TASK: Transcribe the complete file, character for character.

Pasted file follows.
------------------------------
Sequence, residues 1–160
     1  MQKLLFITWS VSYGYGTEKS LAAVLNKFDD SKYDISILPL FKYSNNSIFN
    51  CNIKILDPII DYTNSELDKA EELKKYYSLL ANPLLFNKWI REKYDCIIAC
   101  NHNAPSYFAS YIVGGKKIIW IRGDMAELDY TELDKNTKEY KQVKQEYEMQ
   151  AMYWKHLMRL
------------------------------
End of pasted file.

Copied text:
Sequence, residues 1–160
     1  MQKLLFITWS VSYGYGTEKS LAAVLNKFDD SKYDISILPL FKYSNNSIFN
    51  CNIKILDPII DYTNSELDKA EELKKYYSLL ANPLLFNKWI REKYDCIIAC
   101  NHNAPSYFAS YIVGGKKIIW IRGDMAELDY TELDKNTKEY KQVKQEYEMQ
   151  AMYWKHLMRL